couldn’t believe it! But, in time, with a lot of my own recovery, I learned to
not only believe it but to understand it. And most importantly, not to blame
myself for it.
Because of MY misplaced guilt around Angie’s addiction, early on I set almost no boundaries with her. Why would I have to? She was 21; I had instilled a moral code in her since she was a child. What I didn’t realize, and gradually learned with horror, was how the personality of the addict often changes, how they abandon their moral code over and over again to serve their addiction—their new master. Angie lied to me, she stole from me, and she violated me in many ways.
I had to
establish a new set of boundaries for her, quite apart from the boundaries I
set for my other children. With them, I didn’t need to protect myself. With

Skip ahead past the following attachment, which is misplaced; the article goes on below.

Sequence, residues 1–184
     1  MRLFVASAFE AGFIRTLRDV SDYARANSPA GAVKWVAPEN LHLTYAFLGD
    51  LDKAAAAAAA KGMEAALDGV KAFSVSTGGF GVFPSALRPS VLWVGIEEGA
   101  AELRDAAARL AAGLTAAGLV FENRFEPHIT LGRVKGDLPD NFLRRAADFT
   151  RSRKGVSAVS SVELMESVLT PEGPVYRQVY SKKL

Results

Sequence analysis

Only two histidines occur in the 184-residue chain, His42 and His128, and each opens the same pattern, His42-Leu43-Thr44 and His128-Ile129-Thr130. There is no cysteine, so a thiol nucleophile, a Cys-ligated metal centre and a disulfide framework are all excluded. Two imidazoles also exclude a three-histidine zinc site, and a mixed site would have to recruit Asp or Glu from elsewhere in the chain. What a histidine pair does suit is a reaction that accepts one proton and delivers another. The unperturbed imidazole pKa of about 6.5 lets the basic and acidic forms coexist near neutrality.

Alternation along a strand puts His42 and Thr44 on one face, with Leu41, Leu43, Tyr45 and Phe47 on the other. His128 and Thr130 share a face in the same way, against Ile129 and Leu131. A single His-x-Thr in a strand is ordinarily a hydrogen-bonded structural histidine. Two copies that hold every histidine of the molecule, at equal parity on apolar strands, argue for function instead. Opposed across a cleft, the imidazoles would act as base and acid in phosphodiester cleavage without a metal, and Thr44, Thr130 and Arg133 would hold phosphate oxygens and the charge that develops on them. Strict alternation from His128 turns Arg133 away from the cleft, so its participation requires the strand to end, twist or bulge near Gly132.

Angie, I did.
I view an
addict while using drugs as a person split down the middle: my Angie, the
daughter I raised was endlessly thoughtful, always remembering birthdays and
Mother’s Day; the addict on heroin bears no resemblance to the daughter I knew.
This is the tragic reality of how addiction hijacks our children and sometimes
renders them unrecognizable.
boundaries are not walls to shut people out. They are bridges to ensure
healthier lines of communication. I incorporate boundaries into all of my
relationships. Most relationships wouldn’t work well without them. Call them
“rules,” or “expectations.” Whatever word we use, they are intended to help our